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8 “Healthy” Diet Mistakes To Avoid

Many are making the effort to eat healthier these days especially in an effort to lose weight however, there are many common mistakes people make when it comes to choosing healthy foods. A healthy diet relies on a lifelong commitment to eating the right foods the right way combined with exercise. There is no way around it.

Even if you already knew that, you may still go astray when you try to eat healthier. Here are a few of the most glaring diet mistakes people make, and how to fix them before they derail your healthy eating plan:

1. One-Food Wonders

One diet promises that you can lose 10 pounds in a week by eating as much as you want — as long as what you’re eating is cabbage soup. Or grapefruit. Or cookies. This is a bad idea.

If you go on an extreme, short-term diet, you’re setting yourself up to be very hungry that could lead to binging. By cutting out entire food groups, it makes you more prone to nutritional deficiencies and boredom. Eventually, you will crave the foods you’re missing.

These one-food diets do not teach you how to maintain your weight loss in the long run. Plus they can have unpleasant side effects. Eating nothing but grapefruit can lead to dehydration. It can also make you gassy and can interact with some medications, such as those that treat high blood pressure or abnormal heart rhythms.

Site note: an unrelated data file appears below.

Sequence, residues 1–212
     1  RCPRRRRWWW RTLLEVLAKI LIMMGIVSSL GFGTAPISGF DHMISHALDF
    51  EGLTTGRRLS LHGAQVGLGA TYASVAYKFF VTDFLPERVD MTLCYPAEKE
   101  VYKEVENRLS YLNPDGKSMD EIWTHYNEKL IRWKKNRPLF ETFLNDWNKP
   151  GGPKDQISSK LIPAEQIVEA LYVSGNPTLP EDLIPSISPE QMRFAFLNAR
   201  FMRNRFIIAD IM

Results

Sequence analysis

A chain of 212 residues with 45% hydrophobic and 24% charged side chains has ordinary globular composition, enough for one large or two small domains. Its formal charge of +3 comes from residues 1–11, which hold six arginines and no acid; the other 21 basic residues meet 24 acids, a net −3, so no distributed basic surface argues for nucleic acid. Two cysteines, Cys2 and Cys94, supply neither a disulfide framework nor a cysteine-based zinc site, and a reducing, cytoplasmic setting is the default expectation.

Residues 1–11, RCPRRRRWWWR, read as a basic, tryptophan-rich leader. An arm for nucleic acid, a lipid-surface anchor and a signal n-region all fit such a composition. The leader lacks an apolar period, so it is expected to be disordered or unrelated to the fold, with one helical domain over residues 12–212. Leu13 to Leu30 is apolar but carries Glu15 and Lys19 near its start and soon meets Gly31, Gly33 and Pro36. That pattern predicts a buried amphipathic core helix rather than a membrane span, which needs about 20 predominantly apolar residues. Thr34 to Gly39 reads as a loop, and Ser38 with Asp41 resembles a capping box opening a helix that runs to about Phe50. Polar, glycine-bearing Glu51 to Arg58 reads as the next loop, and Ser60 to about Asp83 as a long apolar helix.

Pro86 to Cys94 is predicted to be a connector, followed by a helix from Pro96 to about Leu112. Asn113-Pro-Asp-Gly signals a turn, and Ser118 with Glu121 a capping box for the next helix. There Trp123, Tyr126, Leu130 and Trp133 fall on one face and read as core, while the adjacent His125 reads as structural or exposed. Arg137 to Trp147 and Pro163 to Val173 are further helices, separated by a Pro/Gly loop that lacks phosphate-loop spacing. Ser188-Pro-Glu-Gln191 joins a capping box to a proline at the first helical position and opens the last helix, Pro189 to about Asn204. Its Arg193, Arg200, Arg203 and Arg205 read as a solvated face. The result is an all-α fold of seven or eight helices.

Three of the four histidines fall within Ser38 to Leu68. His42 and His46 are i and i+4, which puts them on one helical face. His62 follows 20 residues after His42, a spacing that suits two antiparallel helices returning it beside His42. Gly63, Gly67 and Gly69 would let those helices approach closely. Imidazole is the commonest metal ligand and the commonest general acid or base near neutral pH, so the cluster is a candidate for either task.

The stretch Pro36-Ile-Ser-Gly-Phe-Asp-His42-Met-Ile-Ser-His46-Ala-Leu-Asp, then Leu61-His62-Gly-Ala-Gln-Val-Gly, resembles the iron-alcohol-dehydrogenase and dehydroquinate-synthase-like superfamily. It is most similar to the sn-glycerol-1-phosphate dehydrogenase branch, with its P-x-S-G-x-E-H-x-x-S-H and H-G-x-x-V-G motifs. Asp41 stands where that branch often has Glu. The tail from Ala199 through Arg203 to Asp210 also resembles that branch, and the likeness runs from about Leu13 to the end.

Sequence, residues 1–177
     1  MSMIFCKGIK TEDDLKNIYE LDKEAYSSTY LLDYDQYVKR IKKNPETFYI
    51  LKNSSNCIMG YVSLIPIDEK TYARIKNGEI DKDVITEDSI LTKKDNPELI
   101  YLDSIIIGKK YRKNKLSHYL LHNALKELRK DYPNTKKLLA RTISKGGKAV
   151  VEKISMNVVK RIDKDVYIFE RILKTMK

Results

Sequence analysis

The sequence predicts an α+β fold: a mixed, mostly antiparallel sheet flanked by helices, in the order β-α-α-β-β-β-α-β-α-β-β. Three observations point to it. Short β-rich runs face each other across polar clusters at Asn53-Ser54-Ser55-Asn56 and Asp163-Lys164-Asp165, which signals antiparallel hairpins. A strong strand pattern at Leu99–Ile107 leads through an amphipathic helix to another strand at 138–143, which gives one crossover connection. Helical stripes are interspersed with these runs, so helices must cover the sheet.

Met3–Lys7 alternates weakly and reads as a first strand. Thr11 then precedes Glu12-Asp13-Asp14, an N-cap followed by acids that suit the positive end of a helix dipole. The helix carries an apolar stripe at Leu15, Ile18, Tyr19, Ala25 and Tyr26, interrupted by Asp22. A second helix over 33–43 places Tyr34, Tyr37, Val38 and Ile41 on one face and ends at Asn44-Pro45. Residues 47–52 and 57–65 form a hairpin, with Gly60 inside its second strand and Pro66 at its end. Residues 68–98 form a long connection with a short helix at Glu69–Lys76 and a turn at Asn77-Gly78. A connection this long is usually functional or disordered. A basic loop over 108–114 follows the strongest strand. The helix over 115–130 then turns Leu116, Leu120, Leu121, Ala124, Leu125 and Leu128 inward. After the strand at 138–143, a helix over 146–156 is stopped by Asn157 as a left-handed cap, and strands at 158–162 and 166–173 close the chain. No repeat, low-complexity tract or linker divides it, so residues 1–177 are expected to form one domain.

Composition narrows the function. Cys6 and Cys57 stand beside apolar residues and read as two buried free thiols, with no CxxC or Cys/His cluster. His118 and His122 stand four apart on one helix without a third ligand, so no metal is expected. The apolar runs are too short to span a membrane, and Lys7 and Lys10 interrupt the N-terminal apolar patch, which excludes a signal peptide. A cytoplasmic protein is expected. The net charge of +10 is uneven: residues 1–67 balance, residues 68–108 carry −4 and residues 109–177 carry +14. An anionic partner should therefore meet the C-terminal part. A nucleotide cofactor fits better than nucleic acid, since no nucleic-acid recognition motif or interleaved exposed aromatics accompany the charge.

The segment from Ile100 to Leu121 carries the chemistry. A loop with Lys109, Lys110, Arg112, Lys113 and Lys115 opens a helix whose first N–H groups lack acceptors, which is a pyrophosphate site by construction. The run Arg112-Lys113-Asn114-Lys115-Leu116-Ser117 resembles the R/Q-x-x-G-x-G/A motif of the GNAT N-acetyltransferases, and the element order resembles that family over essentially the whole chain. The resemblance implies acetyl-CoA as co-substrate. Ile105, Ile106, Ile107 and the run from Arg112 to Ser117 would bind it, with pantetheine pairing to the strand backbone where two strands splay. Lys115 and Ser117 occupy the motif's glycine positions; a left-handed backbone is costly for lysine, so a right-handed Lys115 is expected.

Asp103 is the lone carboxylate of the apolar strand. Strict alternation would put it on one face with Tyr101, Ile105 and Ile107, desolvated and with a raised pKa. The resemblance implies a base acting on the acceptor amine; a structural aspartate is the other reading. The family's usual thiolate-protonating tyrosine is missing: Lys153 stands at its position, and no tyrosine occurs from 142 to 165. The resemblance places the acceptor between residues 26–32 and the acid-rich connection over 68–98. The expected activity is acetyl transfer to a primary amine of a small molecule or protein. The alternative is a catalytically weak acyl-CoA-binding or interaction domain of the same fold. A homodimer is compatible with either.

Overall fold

TIP:  Stay clear of any diet plan that employs one food only or unhealthy results too fast. Weight loss is a gradual process and a healthy amount is one pound per week.

2. Misguided Vegetarianism

More than 7 million people in the U.S follow a vegetarian diet and many do it with the best of intentions. Either they love animals too much to eat them, or they’re opting for what they see as a healthier lifestyle. A healthy vegetarian diet has been linked to lower rates of obesity, heart disease and diabetes.

What many people don’t realize is that vegetarian doesn’t necessarily mean low-fat or low-calorie. If you are eating too many foods rich in starch or carbohydrates, you might be eating incomplete meals.